Northeast Organic Farming Association (NOFA)

Finding aid

Northeast Organic Farming Association Records, 1977-2007.

12 boxes (6.5 linear feet).
Call no.: MS 461

The Northeast Organic Farming Association began as the vision of a New York City plumbing supplies salesman and has grown into a large association supporting information-sharing, education, collaboration, and certification. Increasingly influential non-profit organization with chapters in Connecticut, Massachusetts, New Hampshire, New Jersey, New York, Rhode Island, and Vermont, NOFA has “nearly 4,000 farmers, gardeners and consumers working to promote healthy food, organic farming practices and a cleaner environment.”

The NOFA collection includes records, publications, ephemera, photographs, and other materials from NOFA chapters in Massachusetts, Connecticut, New Hampshire, New York, and Vermont, along with material from the Interstate Council. The collection includes information on NOFA’s conferences and programs, educational work, lobbying, and their initiatives in organic certification and organic land care.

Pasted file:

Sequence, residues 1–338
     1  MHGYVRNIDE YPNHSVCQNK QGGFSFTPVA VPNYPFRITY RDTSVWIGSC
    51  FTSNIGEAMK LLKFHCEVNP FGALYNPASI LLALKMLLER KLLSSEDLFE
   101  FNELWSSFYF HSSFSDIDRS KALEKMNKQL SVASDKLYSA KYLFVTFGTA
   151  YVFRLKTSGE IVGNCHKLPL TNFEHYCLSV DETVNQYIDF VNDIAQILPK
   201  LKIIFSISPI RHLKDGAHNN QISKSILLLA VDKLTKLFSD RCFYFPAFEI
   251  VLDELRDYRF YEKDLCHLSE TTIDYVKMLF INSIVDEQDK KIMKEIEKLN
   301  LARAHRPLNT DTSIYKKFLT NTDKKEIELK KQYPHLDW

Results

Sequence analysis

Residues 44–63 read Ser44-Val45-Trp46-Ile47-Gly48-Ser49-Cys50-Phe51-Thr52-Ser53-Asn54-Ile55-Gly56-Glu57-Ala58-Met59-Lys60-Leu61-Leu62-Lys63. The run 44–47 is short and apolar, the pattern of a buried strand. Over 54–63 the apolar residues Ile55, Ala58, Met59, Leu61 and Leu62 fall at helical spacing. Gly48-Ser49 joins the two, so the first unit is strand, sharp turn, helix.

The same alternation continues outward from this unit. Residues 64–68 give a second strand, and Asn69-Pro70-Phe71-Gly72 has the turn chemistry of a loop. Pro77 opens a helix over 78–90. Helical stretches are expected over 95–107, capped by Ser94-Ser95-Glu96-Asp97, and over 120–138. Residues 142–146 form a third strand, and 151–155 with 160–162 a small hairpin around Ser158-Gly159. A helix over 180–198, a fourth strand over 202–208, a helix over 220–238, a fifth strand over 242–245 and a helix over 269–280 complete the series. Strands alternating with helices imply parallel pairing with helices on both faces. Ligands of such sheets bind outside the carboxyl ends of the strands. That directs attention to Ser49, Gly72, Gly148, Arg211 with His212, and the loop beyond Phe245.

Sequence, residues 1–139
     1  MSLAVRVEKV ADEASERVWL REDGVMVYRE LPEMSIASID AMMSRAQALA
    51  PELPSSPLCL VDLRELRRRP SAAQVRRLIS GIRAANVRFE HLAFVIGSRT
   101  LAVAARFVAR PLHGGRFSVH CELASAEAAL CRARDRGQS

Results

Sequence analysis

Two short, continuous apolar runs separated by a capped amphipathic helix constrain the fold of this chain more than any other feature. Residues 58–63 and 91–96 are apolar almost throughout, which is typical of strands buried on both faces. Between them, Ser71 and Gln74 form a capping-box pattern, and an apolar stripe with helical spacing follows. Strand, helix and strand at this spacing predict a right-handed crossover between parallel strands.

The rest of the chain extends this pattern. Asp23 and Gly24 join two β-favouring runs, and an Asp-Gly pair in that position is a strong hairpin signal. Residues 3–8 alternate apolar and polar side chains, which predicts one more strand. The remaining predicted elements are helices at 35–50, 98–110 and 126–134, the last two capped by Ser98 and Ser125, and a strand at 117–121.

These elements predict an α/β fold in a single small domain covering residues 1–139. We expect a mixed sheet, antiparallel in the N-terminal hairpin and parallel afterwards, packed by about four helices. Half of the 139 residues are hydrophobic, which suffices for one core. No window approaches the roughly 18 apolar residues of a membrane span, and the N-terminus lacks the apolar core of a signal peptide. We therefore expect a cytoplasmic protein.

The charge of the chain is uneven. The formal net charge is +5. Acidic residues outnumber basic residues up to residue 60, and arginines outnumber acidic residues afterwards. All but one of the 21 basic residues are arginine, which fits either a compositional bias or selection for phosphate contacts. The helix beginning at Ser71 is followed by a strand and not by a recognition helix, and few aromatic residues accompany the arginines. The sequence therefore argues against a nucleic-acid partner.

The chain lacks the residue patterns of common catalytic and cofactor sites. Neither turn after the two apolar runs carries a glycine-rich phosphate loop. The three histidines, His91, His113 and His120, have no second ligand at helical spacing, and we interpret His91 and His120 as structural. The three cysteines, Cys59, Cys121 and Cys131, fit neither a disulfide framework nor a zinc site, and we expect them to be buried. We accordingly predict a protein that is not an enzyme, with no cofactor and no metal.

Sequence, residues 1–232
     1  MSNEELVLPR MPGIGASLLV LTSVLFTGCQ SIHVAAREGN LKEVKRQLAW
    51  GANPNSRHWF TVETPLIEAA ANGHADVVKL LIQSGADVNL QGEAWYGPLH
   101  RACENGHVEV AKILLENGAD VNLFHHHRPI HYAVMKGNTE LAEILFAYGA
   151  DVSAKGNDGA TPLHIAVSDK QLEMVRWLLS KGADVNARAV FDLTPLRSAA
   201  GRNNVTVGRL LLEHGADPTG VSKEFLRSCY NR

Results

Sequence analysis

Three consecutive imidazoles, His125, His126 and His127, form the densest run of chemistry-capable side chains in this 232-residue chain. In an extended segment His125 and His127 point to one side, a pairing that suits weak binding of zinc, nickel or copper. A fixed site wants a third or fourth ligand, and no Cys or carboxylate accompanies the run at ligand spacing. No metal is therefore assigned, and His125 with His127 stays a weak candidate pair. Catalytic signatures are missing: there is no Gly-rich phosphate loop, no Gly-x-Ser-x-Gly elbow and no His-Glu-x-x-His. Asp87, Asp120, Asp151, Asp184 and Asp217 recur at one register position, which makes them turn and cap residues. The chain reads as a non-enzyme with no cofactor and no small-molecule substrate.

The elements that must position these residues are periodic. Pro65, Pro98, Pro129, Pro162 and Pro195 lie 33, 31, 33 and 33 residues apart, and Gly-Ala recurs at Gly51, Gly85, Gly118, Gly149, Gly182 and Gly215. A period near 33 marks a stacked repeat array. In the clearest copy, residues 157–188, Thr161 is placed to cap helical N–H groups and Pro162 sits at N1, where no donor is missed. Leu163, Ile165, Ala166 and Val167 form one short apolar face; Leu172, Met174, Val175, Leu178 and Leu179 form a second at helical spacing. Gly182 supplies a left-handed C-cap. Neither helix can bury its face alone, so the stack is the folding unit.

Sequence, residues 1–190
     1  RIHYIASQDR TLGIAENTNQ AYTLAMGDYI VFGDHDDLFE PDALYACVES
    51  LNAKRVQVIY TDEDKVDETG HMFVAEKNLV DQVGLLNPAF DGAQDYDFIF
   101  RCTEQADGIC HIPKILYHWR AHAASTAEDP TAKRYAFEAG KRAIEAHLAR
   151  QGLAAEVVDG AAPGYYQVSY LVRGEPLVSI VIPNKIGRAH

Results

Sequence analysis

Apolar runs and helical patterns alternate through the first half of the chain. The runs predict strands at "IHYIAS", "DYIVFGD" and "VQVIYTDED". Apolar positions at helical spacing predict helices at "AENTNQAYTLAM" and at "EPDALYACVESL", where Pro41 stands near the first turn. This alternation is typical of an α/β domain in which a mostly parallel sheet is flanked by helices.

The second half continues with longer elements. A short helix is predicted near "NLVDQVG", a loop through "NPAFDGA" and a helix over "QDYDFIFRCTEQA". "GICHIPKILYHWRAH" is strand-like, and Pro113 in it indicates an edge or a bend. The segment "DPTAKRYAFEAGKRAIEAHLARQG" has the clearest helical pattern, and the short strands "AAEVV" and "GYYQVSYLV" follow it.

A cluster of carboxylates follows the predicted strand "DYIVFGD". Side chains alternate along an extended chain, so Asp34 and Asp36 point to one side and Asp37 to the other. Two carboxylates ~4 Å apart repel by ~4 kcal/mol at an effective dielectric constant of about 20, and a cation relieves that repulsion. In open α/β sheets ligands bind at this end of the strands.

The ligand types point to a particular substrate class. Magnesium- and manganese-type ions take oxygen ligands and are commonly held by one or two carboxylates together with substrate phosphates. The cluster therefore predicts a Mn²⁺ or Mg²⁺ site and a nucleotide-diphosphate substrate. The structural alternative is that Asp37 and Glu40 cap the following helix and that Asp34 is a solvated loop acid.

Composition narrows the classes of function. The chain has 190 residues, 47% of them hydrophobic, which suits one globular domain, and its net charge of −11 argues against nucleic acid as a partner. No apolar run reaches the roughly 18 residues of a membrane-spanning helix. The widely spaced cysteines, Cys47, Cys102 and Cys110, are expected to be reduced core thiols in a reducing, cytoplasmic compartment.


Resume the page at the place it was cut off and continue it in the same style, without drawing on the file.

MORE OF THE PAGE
Subjects

  • Agriculture--Massachusetts
  • Organic farming
  • Organic gardening
  • Sustainable agriculture

Contributors

  • NOFA Massachusetts

Norwegian Information Service

DigitalFinding aid

Norwegian Information Service Photographs of Sami (Lapp) People

1 envelope (0.1 linear feet).
Call no.: MS 297
Sami girls
Sami girls

During the Second World War, the Nazi occupation and subsequent liberation of the arctic regions of northern Norway resulted in the near total devastation of the existing infrastructure and the displacement of most of the population, including the native Sami (Lapps). The end of the war did not signal an end to hardship: the challenges of post-war resettlement was accompanied by a sustained effort by the Norwegian government to modernize and assimilate the Sami, largely through the systematic suppression of Sami culture. The language was banned from use in schools until 1958 and other forms of suppression persisted longer, and it was decades more before the rights of the Sami as an indigenous people were codified into law.